Emilia Barber, 62 years old and originally from Appleby, farmed 120 acres and employed two boys
The Smallholders included John Dean, farming 16 acres who had a young family and a daughter employed as a dressmaker, and George Marshall, farming 30 acres. One of George’s sons was an apprentice blacksmith, the rest were “scholars”.
James Stretton who gave his occupation as a Miller as well as Farmer, was married with four children. He farmed 16 acres and employed one man and the family kept a 16 year old girl as a domestic servant.
Richard Pegg, originally from Orton on the Hill, farmed 54 acres and had four sons. There were other Peggs in the parish, including Charles Pegg aged 65, who describes himself as an “agricultural labourer” yet lists among his household three servants including an Irish “Under butler”, a scullery maid and a domestic “Baker and Brewer”. Presumably Charles Pegg was a retired farmer.
Farm labourers were the most numerous occupation, accounting for the occupants of about fifty three households. Most farm labourers probably lived in tied cottages, including Richard Hestell, Thomas Larkin, Edward Harris, John Rowel and his son William, William Smalley, James Hodgkinson, John Wain, Samuel Barwell, John Gilbert, William Jackson (one of his son’s William giving his occupation as a “Groom”), George Summers, Thomas Hancote, William Smith, Thomas Cope, William Booton, John Harrison, Thomas Bradford, William Harding, and George Miller.
Frederick Miller, a farm labourer living in a cottage next door to George, describes himself as a “visitor”, and was probably a visiting relative.
James Miller, Thomas Wilton, Thomas Cope, John Brown, Thomas Harding (his son, Samuel, a “farmer’s boy”), Joseph Wardle, James Bown and his son James, George Satchwell (whose son describes himself as a shoemaker)
William Pegg, Samuel Spare, William Brown, of Ratcliffe Barn cottage
Joseph Holt, his daughter a domestic servant, his 10 year old son, Daniel, who was “deaf and dumb”, described as a “farmers boy”.
Samuel Pegg, John Miller, Richard Hambling, Frederick Bown, Thomas Newmans, William Walton, Edward Taylor, William Harrison, George Smith, Joseph Wilkins, James Bown, Henry Spare, Joseph Harrison, all gave their occupations as “farm labourers”.
The Farm Cottages, next to the Hall were also occupied by labourers including, William Twigg and Sam Sentence at Farm Lodge and James Starkey who describes himself as a shepherd.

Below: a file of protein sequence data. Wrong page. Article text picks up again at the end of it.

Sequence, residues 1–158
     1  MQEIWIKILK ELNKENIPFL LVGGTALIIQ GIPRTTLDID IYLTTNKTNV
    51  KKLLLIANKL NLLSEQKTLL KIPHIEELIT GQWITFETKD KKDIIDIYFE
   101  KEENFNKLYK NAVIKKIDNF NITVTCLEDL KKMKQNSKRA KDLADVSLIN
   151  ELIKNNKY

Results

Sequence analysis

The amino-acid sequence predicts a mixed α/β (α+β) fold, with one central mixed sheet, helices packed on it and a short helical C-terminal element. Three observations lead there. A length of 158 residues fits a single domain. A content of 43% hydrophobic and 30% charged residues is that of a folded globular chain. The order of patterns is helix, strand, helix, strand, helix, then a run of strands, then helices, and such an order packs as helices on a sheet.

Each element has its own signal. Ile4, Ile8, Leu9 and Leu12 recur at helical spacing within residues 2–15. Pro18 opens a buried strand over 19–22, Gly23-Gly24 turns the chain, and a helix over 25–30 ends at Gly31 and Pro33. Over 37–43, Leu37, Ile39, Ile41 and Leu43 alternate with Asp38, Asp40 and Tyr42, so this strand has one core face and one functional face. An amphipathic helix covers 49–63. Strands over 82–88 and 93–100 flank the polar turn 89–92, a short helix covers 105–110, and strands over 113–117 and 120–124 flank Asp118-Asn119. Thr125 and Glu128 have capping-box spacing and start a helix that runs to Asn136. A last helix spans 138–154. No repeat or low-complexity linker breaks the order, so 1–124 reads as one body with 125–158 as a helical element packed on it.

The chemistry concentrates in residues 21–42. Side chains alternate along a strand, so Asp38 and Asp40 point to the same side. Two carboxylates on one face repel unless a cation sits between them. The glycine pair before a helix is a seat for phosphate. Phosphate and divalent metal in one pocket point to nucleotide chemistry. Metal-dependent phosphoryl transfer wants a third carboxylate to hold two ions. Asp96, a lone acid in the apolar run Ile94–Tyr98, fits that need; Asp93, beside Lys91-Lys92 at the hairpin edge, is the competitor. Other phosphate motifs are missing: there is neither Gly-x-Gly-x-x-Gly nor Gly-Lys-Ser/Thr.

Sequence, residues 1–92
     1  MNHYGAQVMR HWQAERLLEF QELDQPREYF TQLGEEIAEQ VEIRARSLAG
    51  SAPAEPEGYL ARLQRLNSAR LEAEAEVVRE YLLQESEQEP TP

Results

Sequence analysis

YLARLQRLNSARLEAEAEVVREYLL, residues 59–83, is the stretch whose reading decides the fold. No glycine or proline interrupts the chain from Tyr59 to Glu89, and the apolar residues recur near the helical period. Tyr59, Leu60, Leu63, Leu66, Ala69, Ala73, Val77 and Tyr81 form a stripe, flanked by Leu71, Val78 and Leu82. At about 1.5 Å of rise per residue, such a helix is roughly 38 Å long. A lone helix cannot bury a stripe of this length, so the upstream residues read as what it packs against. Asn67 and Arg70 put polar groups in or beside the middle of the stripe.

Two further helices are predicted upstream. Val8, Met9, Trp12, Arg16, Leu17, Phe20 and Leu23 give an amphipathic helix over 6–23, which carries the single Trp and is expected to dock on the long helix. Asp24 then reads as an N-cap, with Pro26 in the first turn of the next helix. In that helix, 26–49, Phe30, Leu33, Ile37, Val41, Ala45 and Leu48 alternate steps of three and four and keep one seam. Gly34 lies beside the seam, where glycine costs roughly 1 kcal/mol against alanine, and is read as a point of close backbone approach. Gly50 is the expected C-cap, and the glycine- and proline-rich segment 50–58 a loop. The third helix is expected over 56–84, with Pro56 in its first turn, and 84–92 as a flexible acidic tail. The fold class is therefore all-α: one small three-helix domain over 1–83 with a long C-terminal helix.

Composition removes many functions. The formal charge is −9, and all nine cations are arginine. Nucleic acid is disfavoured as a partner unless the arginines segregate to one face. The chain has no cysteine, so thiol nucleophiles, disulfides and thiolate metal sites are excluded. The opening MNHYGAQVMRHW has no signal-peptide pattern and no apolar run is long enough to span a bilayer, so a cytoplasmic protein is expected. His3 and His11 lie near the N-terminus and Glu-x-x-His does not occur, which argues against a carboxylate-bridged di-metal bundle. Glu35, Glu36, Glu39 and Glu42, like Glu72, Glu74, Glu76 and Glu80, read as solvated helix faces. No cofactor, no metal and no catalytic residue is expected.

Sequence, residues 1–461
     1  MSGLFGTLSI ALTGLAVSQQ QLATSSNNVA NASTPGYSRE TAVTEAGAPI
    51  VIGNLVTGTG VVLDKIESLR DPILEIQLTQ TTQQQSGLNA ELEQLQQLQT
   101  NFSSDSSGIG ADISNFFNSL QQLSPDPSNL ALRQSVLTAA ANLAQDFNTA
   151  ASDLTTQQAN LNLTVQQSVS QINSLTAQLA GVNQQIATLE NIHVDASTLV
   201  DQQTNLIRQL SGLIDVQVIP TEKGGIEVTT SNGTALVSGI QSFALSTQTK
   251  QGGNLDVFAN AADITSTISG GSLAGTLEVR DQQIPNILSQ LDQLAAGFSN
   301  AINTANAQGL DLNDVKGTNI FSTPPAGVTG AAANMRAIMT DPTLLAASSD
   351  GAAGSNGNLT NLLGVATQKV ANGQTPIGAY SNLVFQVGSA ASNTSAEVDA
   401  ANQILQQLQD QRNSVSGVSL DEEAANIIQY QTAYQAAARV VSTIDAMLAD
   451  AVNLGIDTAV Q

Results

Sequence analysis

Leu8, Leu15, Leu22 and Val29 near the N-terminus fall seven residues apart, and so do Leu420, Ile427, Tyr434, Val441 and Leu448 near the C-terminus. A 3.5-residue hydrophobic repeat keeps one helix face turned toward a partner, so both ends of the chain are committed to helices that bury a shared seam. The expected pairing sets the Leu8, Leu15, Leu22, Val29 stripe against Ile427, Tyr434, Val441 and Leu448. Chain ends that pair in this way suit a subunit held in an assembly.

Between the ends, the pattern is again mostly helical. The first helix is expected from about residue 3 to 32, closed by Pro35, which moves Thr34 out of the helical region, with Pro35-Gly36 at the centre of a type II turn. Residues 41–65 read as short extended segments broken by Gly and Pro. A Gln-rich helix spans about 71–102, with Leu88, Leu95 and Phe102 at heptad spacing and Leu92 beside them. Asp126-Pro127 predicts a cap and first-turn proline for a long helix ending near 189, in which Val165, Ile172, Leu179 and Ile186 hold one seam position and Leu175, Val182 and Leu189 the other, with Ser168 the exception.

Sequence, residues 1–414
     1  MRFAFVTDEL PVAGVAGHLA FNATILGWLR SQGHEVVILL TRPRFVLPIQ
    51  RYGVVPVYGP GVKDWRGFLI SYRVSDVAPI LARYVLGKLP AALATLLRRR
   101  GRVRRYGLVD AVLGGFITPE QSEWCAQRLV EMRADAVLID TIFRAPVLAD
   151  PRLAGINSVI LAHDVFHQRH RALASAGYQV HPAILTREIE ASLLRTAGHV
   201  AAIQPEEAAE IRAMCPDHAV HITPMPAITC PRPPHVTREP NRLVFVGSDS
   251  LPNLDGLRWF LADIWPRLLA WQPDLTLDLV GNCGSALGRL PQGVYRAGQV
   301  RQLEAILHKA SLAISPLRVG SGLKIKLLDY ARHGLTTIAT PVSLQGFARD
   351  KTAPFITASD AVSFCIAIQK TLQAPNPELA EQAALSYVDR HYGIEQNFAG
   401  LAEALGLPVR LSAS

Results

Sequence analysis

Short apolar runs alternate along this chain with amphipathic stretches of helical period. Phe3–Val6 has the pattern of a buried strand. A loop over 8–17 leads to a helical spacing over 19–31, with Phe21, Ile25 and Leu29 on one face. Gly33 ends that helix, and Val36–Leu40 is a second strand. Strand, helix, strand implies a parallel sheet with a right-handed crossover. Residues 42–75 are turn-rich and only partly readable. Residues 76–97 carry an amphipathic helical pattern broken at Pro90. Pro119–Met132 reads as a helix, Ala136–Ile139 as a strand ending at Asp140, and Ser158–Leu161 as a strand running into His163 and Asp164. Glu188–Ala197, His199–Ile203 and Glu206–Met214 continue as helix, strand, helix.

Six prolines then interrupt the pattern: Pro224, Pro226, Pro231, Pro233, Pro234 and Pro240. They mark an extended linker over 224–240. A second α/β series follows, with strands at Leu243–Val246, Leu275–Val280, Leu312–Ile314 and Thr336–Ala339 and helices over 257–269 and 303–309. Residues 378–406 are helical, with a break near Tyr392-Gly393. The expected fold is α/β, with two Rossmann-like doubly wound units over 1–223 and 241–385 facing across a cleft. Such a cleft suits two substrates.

The gardeners at Gopsall Hall could also be described as farm labourers.
Law and Order was represented by Thomas Achurch, a police constable, who originally came from Great Glen, He had a wife and seven children, all scholars. Also Charles Hammersley, formerly a police sergeant whose daughter Elizabeth Fisher, living at the same address describes herself as a police constable’s wife
The Medical Profession represented by Samuel Bown, a vetinary surgeon
Widows and Single women householders were comparatively rare.
However, there were some women heads of households, including Ann Ottey, who describes herself as a “housekeeper”. Her sister Mary and her son George living with her are both described as “imbeciles”.
Sarah Croshaw also describes herself as a housekeeper, her son is identified as a “letter carrier”.
Shopkeepers included Robert Pegg, whose wife was evidently the village schoolmistress. The Pegg’s probably ran the village’s only general store.
John Marshall describes himself as both as a Blacksmith and the village Innkeeper, one of his sons was an apprentice smithy
Tradesmen include William Davis, the bricklayer employing two men (his son being described as a bricklayer’s journeyman)
Joseph Ball, was a journeyman blacksmith.
George Cooper and Frank White (79) were both retired blacksmiths (Frank’s son describing himself as a “gardener’s labourer”)
George Yeomans was a saddler. The eldest of his children was a “farmer’s boy”, the other four were scholars, George also had a boarder who describes himself as a shoemaker.
Richard Meakin, was a carpenter, but also the local methodist preacher.
George Starkey, the butcher, came from London
William Smith, describes himself as a “master shoe-maker”. Philip Booton, another householder also identifies himself as a shoemaker.